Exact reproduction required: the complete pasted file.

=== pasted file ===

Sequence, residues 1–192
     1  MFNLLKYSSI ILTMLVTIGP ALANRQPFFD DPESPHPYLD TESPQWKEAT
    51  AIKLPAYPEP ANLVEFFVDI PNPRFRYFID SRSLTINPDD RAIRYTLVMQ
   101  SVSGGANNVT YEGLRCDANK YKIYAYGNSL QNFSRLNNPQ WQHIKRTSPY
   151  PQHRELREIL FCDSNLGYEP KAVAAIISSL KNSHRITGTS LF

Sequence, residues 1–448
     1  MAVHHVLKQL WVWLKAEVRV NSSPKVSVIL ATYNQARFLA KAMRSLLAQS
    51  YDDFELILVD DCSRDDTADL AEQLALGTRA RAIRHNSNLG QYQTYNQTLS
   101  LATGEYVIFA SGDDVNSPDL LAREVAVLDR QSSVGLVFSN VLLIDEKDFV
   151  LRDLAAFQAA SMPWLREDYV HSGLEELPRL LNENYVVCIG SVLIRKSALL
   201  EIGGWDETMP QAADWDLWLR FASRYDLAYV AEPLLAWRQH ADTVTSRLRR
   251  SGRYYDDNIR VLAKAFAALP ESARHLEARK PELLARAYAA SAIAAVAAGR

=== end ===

Sequence, residues 1–192
     1  MFNLLKYSSI ILTMLVTIGP ALANRQPFFD DPESPHPYLD TESPQWKEAT
    51  AIKLPAYPEP ANLVEFFVDI PNPRFRYFID SRSLTINPDD RAIRYTLVMQ
   101  SVSGGANNVT YEGLRCDANK YKIYAYGNSL QNFSRLNNPQ WQHIKRTSPY
   151  PQHRELREIL FCDSNLGYEP KAVAAIISSL KNSHRITGTS LF

Sequence, residues 1–448
     1  MAVHHVLKQL WVWLKAEVRV NSSPKVSVIL ATYNQARFLA KAMRSLLAQS
    51  YDDFELILVD DCSRDDTADL AEQLALGTRA RAIRHNSNLG QYQTYNQTLS
   101  LATGEYVIFA SGDDVNSPDL LAREVAVLDR QSSVGLVFSN VLLIDEKDFV
   151  LRDLAAFQAA SMPWLREDYV HSGLEELPRL LNENYVVCIG SVLIRKSALL
   201  EIGGWDETMP QAADWDLWLR FASRYDLAYV AEPLLAWRQH ADTVTSRLRR
   251  SGRYYDDNIR VLAKAFAALP ESARHLEARK PELLARAYAA SAIAAVAAGR